2008 - Lou Reed married his third wife, the conceptual artist Laurie Anderson. The couple, who had been together since the early '90s, had decided to get married the previous day. The marriage ceremony was conducted by Nick Forster, the co-host of etown (heard Sunday nights at 8 on 97.3 KBCO) who just happens to have a certificate of ordination from the Universal Life Church.

Before that, Lou had come by the KBCO studios for an interview with Bret Saunders before a show at the Boulder Theater. After the interview I escorted Lou back down to the parking lot. On the elevator ride down he dialed up Laurie and told her Boulder was beautiful and they should move here. That didn't happen, but getting married in Boulder did. (Photo by Lawrence Lucier/Getty Images)


Hound Dog Taylor was born today in 1912. Alligator Records, Chicago's leading contemporary blues label, might never have been launched at all if not for the crashing, slashing slide guitar antics of Hound Dog Taylor. Bruce Iglauer, then an employee of Delmark Records, couldn't convince his boss, Bob Koester, of Taylor's potential, so Iglauer took matters into his own hands. In 1971, Alligator was born for the express purpose of releasing Hound Dog's debut album. We all know what transpired after that.

Taylor's relentlessly raucous band, the HouseRockers, consisted of only two men, though their combined racket sounded like quite a few more. He wasn't the most accomplished of slide guitarists, but Hound Dog Taylor could definitely rock any house that he played.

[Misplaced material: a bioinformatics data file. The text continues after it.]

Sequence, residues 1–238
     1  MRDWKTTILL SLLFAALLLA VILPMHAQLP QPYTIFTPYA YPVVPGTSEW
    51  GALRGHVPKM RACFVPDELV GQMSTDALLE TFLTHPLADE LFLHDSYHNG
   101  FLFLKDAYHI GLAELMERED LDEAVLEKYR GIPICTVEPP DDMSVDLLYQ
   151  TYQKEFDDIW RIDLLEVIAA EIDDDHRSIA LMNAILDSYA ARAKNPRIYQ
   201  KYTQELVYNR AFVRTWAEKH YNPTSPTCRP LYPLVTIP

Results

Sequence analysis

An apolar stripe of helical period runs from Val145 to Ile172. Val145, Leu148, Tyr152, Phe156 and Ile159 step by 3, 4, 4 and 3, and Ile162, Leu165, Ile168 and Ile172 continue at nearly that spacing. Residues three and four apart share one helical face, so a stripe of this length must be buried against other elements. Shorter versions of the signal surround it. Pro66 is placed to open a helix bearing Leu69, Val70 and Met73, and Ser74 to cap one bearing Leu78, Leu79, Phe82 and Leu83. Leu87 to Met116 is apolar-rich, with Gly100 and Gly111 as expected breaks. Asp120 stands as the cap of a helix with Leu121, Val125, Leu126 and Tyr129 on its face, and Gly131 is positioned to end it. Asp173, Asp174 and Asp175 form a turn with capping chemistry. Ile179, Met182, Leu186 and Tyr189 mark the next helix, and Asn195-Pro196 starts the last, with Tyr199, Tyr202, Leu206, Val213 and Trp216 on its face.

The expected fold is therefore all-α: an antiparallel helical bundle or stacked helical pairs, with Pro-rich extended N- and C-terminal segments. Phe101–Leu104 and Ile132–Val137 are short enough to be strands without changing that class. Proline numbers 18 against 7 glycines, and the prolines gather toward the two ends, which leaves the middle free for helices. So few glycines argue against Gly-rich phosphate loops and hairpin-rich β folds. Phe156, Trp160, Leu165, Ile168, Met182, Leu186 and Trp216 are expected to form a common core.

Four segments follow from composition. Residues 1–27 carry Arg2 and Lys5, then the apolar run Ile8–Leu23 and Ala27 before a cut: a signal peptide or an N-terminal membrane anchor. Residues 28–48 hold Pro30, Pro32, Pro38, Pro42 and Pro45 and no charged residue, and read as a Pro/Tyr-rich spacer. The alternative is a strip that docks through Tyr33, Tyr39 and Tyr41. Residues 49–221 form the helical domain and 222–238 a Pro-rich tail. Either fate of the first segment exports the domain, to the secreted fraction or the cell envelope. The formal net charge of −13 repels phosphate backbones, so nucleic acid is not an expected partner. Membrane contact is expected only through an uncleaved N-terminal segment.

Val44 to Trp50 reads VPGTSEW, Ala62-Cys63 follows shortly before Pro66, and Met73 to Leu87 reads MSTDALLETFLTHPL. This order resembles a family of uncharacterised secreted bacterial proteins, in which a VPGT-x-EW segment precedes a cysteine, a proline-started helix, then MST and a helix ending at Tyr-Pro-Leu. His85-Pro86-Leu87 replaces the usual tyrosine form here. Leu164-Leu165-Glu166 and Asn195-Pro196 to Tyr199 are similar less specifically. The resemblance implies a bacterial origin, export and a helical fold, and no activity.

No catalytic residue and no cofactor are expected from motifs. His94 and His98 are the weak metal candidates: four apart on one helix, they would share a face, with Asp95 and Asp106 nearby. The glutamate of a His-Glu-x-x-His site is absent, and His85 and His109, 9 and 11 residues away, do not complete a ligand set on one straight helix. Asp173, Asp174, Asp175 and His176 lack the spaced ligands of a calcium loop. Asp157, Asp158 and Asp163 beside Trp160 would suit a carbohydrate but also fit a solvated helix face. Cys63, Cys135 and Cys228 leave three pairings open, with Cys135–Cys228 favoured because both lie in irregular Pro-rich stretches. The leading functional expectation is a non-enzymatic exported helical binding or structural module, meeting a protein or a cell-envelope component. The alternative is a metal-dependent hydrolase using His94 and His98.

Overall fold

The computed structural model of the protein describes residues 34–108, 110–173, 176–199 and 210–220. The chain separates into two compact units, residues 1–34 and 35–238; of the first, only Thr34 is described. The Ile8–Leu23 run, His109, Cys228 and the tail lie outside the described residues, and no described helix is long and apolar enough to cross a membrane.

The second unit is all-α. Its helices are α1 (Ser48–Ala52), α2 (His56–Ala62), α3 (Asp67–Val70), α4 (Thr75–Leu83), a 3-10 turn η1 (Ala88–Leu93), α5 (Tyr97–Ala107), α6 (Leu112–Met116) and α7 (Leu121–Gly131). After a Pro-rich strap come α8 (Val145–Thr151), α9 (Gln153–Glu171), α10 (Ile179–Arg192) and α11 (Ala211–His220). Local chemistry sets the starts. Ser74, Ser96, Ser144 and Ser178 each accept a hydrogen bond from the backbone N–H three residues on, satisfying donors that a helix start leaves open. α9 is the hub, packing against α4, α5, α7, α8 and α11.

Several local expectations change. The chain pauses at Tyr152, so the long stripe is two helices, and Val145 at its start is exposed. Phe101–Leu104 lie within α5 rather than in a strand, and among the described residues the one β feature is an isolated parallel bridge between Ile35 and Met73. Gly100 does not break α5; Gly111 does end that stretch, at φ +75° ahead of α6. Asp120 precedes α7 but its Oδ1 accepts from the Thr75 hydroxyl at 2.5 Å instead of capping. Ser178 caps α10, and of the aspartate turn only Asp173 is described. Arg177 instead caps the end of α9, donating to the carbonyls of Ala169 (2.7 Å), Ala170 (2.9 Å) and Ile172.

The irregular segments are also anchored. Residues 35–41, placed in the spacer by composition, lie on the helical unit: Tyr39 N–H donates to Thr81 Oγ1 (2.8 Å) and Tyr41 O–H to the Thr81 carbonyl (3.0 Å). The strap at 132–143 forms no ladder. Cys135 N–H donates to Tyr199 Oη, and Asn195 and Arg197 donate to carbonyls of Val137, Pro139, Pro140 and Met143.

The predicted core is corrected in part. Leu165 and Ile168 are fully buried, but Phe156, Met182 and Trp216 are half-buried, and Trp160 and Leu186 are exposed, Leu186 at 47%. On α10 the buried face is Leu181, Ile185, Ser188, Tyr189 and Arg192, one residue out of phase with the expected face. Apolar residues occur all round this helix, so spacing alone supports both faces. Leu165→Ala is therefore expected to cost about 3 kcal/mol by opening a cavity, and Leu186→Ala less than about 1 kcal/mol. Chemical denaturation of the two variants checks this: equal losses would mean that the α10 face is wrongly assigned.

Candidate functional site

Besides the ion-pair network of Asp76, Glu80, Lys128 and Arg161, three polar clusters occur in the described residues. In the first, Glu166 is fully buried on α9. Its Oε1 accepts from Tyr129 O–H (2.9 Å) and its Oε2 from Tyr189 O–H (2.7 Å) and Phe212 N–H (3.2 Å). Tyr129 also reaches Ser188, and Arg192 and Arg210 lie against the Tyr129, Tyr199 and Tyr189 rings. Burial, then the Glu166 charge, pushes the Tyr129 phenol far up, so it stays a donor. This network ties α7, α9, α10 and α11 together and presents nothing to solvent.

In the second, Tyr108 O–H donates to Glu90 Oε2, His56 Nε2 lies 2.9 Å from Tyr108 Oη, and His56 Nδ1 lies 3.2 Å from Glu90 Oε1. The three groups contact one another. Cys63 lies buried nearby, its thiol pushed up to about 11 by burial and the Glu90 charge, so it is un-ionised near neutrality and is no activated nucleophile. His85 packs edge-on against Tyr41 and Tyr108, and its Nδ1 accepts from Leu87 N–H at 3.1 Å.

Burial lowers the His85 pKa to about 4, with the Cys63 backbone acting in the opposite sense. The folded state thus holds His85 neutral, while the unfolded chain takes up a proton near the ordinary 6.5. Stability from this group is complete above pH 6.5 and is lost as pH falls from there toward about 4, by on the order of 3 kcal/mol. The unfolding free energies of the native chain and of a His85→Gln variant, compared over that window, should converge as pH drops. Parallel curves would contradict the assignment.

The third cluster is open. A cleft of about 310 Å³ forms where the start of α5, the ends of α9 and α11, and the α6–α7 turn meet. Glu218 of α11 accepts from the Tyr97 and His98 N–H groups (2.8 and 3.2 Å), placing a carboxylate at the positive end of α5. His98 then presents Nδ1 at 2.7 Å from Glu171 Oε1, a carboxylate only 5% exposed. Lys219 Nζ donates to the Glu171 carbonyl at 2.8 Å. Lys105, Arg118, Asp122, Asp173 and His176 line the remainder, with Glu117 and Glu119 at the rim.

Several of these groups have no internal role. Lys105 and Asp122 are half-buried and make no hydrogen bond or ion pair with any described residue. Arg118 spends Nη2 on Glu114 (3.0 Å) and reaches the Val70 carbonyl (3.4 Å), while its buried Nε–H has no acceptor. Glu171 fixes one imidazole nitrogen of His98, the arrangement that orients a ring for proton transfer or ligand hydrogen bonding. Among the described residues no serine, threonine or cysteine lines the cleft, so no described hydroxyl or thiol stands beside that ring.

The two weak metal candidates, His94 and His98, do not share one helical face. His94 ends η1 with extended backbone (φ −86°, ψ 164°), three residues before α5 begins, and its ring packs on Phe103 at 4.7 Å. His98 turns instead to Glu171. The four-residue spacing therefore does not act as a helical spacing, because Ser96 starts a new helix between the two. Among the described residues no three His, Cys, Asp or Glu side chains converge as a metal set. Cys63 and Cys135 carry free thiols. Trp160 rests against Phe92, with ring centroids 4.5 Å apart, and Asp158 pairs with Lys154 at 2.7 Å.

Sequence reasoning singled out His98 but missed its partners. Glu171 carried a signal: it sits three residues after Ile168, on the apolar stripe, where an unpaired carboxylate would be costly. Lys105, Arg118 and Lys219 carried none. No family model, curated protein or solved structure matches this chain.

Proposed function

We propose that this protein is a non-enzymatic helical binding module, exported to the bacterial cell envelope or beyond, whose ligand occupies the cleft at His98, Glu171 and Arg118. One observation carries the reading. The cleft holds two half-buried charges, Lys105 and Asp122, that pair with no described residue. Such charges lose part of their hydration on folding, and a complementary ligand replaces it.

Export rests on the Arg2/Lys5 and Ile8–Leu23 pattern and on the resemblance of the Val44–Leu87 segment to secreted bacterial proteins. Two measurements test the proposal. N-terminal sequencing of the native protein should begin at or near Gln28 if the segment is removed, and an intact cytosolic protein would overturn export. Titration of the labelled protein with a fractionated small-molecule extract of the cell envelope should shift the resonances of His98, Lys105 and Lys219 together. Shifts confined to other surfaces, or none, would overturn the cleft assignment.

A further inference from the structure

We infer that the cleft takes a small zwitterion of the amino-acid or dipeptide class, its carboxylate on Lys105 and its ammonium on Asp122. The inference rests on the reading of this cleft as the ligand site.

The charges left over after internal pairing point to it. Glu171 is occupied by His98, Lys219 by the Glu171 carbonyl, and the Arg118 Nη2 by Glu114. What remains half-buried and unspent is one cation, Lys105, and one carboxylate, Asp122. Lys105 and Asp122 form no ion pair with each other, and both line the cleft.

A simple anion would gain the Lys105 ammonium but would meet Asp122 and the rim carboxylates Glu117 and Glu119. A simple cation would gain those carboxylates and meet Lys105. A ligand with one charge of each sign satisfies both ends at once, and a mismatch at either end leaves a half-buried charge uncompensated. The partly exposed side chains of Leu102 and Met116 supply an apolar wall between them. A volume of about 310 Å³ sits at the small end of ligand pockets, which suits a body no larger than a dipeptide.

Tiny Tim was born today in 1932. During his proverbial 15 minutes of fame in the late '60s, Tiny Tim was one of the most bizarre spectacles on television: a six-foot-tall man with long, unkempt ringlets of hair, and a garish plaid wardrobe; warbling the old-time pop standard "Tip-Toe Through the Tulips" in a quavering, shockingly high falsetto while accompanying himself on the ukulele. Pegged as strictly a novelty act, Tim actually possessed an encyclopedic knowledge of vintage American pop and vaudeville songs; he was an avid collector of 78 rpm records and sheet music, and often scoured the New York Public Library's musical archives for material.

Herbie Hancock is 84. One of the most revered figures in jazz, just as his employer/mentor Miles Davis was when he was alive. Unlike Miles, who pressed ahead relentlessly and never looked back until near the very end, Hancock has cut a zigzagging forward path, shuttling between almost every development in electronic and acoustic jazz and R&B over the last third of the 20th century and into the 21st. While able to absorb blues, funk, gospel, and even modern classical influences, Hancock's piano and keyboard voices are entirely his own, with their own urbane harmonic and complex, earthy rhythmic signatures.

Amy Ray of Indigo Girls is 60. Along with her musical partner, Emily Saliers, Indigo Girls became one of the most enduring female acts of the '90s, weaving activism with art and building a large and deeply devoted fan base that continued to support them in the following decades.

On This Day In Music History was sources, curated, copied, pasted, edited, and occasionally woven together with my own crude prose, from This Day in Music, Westword Song Facts, Colorado Music, Allmusic, and Wikipedia.